Housing Market 2011: A Spirited Dialogue

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Rob Hahn and Jeff Corbett are partners in 7DS Associates, a strategic management consultancy focused on the real estate business. As industry insiders and observers, they agree on many aspects of the current housing market; they disagree on plenty of others. AOL Real Estate asked them to conduct a dialogue throughout this last week of the year, discussing the big real estate topics of 2011. This is Part 2 of 5.

Rob-

I used to own a mortgage brokerage in a former life. Well, I still like to read lender rate sheets, because you can tell a lot about the psyche of smart money by reading between the lines. Lenders that are selling Fannie or Freddie-backed loans are "pricing for the worse" (raising rates) on mortgages that have a Loan to Value (LTV) greater than 60 percent.

Before the meltdown there was no pricing for the worse until LTVs breached 80 percent. Lenders are mitigating risk 20 percent below where they historically have when it comes to a home values in relation to the loan amount. I'm no world-class economist, but that's something to be taken seriously, too.

Are consumer home sellers psychologically prepared and willing to accept this? Depends on context. If they have to move and actually have equity, then yes, they can accept this. If they don't have to move and/or have little equity, then no, they likely can't accept this.

Are lending institutions and other clearing houses willing to accept this? Absolutely. And they are the class of motivated sellers with the inventory, room and incentive to do so.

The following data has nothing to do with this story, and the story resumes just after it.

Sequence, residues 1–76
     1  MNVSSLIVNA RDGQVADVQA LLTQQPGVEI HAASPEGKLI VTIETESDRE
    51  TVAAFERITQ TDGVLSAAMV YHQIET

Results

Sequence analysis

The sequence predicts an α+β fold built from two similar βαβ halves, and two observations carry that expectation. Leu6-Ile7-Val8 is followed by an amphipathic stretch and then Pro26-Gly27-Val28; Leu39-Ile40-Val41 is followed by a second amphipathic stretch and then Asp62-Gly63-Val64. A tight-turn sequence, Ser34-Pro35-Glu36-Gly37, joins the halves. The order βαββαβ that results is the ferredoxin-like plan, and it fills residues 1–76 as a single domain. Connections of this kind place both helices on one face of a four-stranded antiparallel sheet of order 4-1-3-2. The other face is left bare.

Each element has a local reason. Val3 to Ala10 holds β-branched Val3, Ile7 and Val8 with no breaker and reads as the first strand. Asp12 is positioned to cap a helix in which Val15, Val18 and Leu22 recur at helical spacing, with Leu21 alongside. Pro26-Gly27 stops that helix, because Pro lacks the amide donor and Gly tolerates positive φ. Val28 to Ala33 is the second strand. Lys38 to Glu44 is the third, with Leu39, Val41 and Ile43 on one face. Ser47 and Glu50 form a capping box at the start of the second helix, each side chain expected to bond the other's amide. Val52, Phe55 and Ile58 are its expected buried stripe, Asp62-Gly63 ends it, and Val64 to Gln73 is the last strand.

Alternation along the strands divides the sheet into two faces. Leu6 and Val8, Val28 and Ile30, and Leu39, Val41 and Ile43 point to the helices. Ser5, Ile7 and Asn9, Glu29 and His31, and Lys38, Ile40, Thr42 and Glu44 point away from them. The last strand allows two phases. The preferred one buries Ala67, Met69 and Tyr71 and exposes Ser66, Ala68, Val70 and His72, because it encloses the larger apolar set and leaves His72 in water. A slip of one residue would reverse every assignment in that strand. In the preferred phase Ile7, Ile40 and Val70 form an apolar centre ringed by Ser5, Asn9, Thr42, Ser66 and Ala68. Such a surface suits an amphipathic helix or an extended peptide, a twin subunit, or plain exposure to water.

Either way, I think we agree that there is another 10 percent to 20 percent to go before we hit bottom. I'm simply offering that current buyers, residential and investment alike, can get there sooner rather then later.

Your point about banks (investors in general) having little incentive to make mortgage loans is well received. While attending the Asset Backed Securities conference in October I sat in on a panel that included the current president of Ginnie Mae where they discussed what the threshold was before investor/ mortgage backed investment incentives began to align. The answer was around 5.875 percent, which is where private capital begins to reenter the market qualification standards begin to loosen from their current state of 'we only lend because the Government says we have to and guarantees our losses.'

I'm not going political with you my friend, however, I do believe Congress limits the mortgage interest deduction to
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somewhere around $500K. Elimination would be political suicide and I'm quite sure the NAR's lobbyist army is helping 'convince' Congress to adopt the best of the worst possible scenarios here. Regardless, and maybe I hang around with folks in a different tax bracket, but in all my years I've never had someone tell me they wanted to buy a house to write off the expense.

To your point, inflation and rising rates are a matter of when, which is another reason to buy now if you can. A real estate play based on future inflationary pressure is highly logical if you employ the historically successful acquisition and investment strategy of buy and hold.